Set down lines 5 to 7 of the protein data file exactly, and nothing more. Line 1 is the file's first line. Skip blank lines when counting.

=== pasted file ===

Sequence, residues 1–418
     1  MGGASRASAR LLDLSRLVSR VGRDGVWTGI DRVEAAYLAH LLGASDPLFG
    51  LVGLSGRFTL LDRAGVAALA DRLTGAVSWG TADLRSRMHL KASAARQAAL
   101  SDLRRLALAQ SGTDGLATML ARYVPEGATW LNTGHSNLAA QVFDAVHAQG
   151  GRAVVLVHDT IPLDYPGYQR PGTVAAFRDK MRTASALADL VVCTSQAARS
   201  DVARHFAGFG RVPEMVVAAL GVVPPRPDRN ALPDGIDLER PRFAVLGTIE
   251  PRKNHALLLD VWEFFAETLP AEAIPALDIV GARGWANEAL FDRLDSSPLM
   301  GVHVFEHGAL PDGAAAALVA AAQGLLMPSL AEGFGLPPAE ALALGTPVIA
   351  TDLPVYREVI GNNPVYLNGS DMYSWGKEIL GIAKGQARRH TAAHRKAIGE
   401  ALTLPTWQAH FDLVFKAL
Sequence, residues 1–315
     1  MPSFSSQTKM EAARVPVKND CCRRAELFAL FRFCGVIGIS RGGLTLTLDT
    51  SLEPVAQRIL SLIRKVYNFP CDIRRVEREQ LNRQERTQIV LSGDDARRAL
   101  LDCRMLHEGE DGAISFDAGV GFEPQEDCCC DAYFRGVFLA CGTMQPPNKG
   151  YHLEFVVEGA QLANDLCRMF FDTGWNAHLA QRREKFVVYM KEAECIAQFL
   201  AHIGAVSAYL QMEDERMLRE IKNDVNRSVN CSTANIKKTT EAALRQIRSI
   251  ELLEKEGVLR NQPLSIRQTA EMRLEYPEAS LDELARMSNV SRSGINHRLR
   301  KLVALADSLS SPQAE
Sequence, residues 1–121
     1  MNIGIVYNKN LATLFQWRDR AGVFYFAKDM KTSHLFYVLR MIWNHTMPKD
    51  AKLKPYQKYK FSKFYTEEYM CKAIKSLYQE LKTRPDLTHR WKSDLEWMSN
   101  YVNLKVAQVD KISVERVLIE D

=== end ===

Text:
   151  GRAVVLVHDT IPLDYPGYQR PGTVAAFRDK MRTASALADL VVCTSQAARS
   201  DVARHFAGFG RVPEMVVAAL GVVPPRPDRN ALPDGIDLER PRFAVLGTIE
   251  PRKNHALLLD VWEFFAETLP AEAIPALDIV GARGWANEAL FDRLDSSPLM